Migraine is a debilitating condition that affects more than twenty million Americans. Sufferers of this condition experience a wide range of symptoms, which can make everyday activities challenging. If you’re experiencing any of the following symptoms, it may be time to see your doctor: Stuffy nose Nausea and vomiting Diarrhea Headache Pain in the neck or head Dizziness Visual problems, such as double vision or blurred vision Ringing in the ears If you’re noticing any of these symptoms more often, it may be time to see a doctor. However, there are things you can do to manage your migraine without needing medication or surgery. Read on for tips on how to cope with migraine in the meantime.
What are Migraine Headache Symptoms?
Migraine headaches are one of the most common types of headaches. They’re caused by a problem with the blood vessels in your head. When pressure builds inside these blood vessels, it can cause pain. Some of the most common migraine headache symptoms include:
Sensitivity to light and sound
Nausea or vomiting
Lightheadedness or fainting
Tingling sensations in your arms and legs
Causes of Migraine Headache
There are many potential causes of migraine headache, but the most common are stress, food allergies, and overuse of painkillers. Other potential triggers include exercise, bright lights, and changes in barometric pressure.
Many people with migraines experience auras before or during a headache. Auras can be visual (such as seeing colors), olfactory (smelling things), or auditory (hearing sounds). aura can precede the headache by up to 72 hours in some people.
Migraine headaches may also be preceded by symptoms such as sensitivity to light and sound, mood changes, neck stiffness, and minor pain in one or both temples.
Some people believe that stress is the primary cause of migraine headaches. When we’re stressed, our body releases chemicals called hormones that can lead to a variety of medical problems including migraines. The type and severity of a person’s migraine may be affected by various factors such as:
-Levels of serotonin and other neurotransmitters
– life events
Types of Migraine Headache
There are many types of migraines, but the most common ones include throbbing or pulsing pain on one side of the head, plus sensitivity to light and sound. Some people also experience nausea, vomiting, and diarrhea. Some people have auras before a migraine attack that can signal a more severe headache is coming. The most common aura is seeing flashes of light or colors.
Home Remedies for Migraine Headache
There are many different home remedies for migraine headache. Some people find that using over-the-counter painkillers, such as ibuprofen or acetaminophen, is enough to relieve their headaches. Other people find that drinking lots of fluids or taking Benedryl (diphenhydramine) helps alleviate their symptoms. It’s important to remember that not all home remedies are effective for everyone and it’s always best to consult a healthcare professional if your migraines are causing you significant distress or if you have any other health concerns.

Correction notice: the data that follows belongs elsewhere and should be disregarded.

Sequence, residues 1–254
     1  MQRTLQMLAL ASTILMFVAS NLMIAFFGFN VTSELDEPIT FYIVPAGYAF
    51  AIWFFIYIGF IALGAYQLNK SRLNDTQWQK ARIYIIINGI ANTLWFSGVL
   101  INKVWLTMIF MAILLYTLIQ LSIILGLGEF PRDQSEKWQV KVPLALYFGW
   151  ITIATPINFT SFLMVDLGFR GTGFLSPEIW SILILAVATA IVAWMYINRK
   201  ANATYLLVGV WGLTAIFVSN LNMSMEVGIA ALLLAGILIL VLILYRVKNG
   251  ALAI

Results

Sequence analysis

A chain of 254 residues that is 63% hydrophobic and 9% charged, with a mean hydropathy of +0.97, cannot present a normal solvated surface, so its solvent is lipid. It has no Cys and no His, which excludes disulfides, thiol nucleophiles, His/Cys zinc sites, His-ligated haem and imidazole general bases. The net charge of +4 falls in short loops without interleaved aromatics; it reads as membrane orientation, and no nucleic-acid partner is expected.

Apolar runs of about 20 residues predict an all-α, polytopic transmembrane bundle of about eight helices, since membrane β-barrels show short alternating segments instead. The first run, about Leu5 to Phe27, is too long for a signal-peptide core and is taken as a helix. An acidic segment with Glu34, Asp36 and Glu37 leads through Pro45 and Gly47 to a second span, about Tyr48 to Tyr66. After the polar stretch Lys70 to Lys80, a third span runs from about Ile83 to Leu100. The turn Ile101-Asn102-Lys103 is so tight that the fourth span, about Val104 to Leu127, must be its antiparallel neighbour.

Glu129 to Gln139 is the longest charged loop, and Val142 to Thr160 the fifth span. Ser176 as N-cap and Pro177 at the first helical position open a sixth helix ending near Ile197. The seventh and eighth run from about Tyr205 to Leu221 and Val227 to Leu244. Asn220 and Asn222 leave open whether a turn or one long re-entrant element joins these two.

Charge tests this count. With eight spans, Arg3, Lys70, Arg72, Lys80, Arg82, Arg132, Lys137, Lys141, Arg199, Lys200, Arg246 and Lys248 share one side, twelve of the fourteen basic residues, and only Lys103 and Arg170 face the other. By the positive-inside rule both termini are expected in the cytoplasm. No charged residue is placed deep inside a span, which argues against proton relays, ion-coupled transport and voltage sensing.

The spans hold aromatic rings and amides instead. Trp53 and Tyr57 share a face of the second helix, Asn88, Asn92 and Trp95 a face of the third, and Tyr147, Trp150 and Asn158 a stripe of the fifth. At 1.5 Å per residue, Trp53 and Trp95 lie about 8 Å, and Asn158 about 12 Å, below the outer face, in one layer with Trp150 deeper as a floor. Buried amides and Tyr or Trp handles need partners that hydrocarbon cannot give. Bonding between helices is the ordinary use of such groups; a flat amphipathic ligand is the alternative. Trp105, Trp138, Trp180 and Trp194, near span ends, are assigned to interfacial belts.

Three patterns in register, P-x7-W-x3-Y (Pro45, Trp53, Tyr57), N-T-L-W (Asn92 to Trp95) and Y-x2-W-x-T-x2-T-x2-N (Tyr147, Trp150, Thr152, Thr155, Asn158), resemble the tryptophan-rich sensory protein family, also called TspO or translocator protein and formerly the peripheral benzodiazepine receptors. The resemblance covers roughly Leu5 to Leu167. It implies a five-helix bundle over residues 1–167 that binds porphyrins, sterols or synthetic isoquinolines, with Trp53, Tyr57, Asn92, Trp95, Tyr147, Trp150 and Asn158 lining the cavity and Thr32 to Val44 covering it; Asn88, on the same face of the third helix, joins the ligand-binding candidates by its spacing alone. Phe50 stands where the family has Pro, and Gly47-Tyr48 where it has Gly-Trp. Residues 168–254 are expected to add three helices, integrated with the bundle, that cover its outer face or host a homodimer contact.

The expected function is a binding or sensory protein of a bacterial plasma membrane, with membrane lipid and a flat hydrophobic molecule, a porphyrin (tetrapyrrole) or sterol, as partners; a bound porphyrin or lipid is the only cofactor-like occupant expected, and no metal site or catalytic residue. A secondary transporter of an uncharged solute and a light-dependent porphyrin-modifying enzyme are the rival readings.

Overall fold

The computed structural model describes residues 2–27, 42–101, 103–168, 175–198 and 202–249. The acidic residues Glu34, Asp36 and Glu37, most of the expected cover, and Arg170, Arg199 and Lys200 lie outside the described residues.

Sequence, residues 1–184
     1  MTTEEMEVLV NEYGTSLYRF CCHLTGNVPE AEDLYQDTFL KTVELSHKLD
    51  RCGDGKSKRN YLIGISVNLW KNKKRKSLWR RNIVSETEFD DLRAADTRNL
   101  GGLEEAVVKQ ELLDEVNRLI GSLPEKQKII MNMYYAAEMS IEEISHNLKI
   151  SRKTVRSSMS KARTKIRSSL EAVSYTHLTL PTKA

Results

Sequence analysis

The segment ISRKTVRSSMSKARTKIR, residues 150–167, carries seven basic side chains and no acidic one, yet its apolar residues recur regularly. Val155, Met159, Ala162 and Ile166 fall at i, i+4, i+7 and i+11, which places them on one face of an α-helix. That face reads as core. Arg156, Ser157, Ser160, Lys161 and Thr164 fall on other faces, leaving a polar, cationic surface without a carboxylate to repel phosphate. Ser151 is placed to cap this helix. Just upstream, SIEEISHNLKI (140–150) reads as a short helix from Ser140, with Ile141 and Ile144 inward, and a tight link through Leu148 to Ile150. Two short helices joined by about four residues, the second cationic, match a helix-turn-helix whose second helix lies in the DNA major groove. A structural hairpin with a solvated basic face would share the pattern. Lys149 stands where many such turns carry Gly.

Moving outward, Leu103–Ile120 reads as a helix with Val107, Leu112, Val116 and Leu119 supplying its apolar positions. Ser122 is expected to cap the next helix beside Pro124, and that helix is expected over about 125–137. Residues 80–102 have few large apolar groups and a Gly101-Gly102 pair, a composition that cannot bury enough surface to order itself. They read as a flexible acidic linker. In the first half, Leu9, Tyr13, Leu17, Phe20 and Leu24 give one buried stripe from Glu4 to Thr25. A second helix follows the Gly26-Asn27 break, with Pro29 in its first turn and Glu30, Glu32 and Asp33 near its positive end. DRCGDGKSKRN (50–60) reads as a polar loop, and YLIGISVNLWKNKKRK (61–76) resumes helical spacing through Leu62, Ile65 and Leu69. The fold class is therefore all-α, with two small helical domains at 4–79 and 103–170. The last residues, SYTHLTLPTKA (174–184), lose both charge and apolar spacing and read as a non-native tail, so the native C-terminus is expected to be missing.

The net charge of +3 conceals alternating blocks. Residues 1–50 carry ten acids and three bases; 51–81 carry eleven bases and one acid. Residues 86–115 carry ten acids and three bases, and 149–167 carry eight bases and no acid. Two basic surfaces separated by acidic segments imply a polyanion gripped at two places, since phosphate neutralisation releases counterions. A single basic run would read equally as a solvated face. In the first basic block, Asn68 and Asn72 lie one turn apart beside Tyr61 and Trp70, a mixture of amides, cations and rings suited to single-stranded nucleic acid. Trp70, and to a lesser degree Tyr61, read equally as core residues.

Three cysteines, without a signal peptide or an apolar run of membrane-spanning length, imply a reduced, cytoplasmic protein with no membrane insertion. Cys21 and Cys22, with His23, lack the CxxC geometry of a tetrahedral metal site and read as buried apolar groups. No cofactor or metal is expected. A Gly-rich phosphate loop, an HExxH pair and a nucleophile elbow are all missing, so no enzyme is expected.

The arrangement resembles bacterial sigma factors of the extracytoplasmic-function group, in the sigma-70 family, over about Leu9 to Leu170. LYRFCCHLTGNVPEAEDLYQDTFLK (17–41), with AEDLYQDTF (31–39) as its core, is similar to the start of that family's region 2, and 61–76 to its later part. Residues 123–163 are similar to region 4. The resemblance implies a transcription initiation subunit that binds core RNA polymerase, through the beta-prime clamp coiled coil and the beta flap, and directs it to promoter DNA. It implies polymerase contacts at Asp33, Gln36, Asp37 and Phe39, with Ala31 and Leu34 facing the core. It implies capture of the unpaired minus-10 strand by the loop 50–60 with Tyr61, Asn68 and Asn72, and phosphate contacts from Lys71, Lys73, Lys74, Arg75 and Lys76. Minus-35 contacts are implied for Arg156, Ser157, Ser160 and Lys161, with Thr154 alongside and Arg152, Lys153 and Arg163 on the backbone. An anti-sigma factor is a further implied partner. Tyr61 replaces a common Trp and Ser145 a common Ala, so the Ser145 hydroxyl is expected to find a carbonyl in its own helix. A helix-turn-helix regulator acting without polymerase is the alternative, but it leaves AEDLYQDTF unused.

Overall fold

Medications for Migraine Headache
If your migraine headaches are causing you significant pain, there are medications available to help. Most people who take these medications experience an improvement in their symptoms. However, not all medications are appropriate for everyone. Before taking any medication, talk to your doctor about your symptoms and what might work best for you.
Some of the most common migraine headache medications include:
An over-the-counter painkiller such as ibuprofen or aspirin can help relieve mild to moderate migraines. These medications work by blocking the production of pain signals from the brain.
A prescription pain reliever such as acetaminophen (Tylenol) or NSAIDs like ibuprofen can provide more relief than over-the-counter painkillers and comes in pill form. Prescription pain relievers can be taken either with or without food. Be sure to read the label carefully before taking a medication, as some may have side effects that could be bothersome, including stomach upset and dizziness.
αβ Blockers (such as propranolol) are one type of medication that is often used to treat migraines before they become more severe. αβ blockers block the electrical impulses that send messages from the brain to various parts of the body, which helps reduce the intensity and frequency of migraines. Some people find that they need to take this medication every day while others only need it once or twice a month. Talk with your doctor about whether this type
Prevention of Migraine Headache
Prevention of migraine headache is possible if you know the top migraine symptoms to watch for. Headache is the most common symptom of a migraine, but not all headaches are migraines. A headache can also be a sign of other problems, such as anemia or dehydration. If you have any of the following warning signs for a potential migraine, make an appointment with your doctor:
1) Severe neck pain that does not improve with rest
2) Sensitivity to light and sound
3) Nausea or vomiting
4) Feeling of pressure in the head or face
5) Dual vision or blurry vision
6) Pain on one side only, especially behind the eyes
7) Diffuse throbbing pain throughout one or both temples